Zack Snyder knows what he’s doing. Whether thanks to its considerable popularity for his artistic benefit, or by focusing on every detail of a film, the filmmaker is perfectly aware of this. So of course when it comes to his last movie, Rebel Moon, he knows more than anyone when referring to the science fiction that came before it. He also knows that most people who see the film will see it on Netflix. What people are waiting for this film to connect with others. This is all running through his head.
Snyder I spoke to io9 via video chat earlier this month and we dug into all of this. We discussed how he is aware of the homage in the film. We discussed the clues he left for himself to possibly explore in the future. We even talked about his fan base and if it changed the way he makes films. Read our interview with him below.
Germain Lussier, io9: Rebel Moon is an absolute love letter to science fiction. You see this passion everywhere. But when you’re doing things that seem a little trickier, like finding transportation to an alien bar (from Star Wars) or bow before a large beaked animal (of Harry Potter), are these intentional homages or things you love that are deeply part of your DNA?
Zack Snyder: I think it’s probably a combo. I feel like when you go to a bar and you know you’re in a bar, you have to deconstruct it slightly because you’re aware of it. And so you make a mess of it. The ominous connotations in the bar become a little more overt, and need to be, as you have to make a statement about your awareness of where you are. This stuff is absolutely self-aware, because I think it helps the audience who are 100% aware of the mythology that we’re sort of playing with. And we just have to walk a fine line with that.
io9: That’s true. So much care is given to this world. Every line, every character, you think, has a story behind it. And I know we’re going to do a lot more in Second part but without spoilers Second partIs there something on the outskirts of this film that you added and you’re like, “Maybe one day I can explore that” without a real plan?
Snider: Oh damn. Yes of course. Well, I mentioned the Zanadytes. (Note: We couldn’t find the correct spelling of this alien species, so we’re going by sound. We will update this article if we find a different official spelling.) The Zanadytes are (the species of) the blue woman in the canteen. It is a possible spin-off of a army of the dead The concept I had was literally this completely weird riff from another dimension that me and (co-writers) Kurt (Johnstad) and Shay (Hatten) talked about with each other a few times. They think I’m crazy, but that’s the kind of thing I think is really fun to have in the movie. And I’m like, “We’ll just put a Zanadyte in the movie!” »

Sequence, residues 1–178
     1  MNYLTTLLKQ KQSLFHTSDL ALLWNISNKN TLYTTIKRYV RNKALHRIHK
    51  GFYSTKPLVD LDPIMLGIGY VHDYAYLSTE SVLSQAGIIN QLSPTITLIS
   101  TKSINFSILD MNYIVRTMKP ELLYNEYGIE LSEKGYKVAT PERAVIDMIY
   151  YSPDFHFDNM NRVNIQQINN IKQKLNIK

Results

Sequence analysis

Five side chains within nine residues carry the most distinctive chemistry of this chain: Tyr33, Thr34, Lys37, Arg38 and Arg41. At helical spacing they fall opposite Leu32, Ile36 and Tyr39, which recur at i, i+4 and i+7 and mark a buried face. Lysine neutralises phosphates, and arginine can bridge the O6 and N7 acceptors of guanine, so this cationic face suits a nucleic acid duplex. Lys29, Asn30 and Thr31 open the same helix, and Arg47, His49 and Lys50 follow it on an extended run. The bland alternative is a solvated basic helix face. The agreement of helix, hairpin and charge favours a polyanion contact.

io9: Just in case!
Snider: And we will see. Let the chips fall where they may. Every once in a while, despite all our planning and all our world-building and very careful detailing, it’s still fun to take a hammer and smash something because it feels good.
io9: Absolutely. It’s probably one of the things that makes you unique and one of the reasons why, in recent years, you’ve almost become more than a filmmaker. You are a renowned brand. You are the star of the show. Does this change your approach to filmmaking? And do you feel this responsibility as additional pressure?
Snider: You know, I don’t think I have a different approach to films than to Dawn of the dead, Frankly. It’s like I kind of have one speed, one speed, and I love doing this job. I like the kind of myth that a story has inherently built into it. And I love exploring it. So that’s what excites me. And I do it as much as I can.
io9: Yeah. And you are also a filmmaker who loves big shows. Rebel Moon fits into that, but you’re also making a Netflix movie that most people will see on the small screen. Does making a film for Netflix change your approach in any way or what have you learned after making a few films for them so far?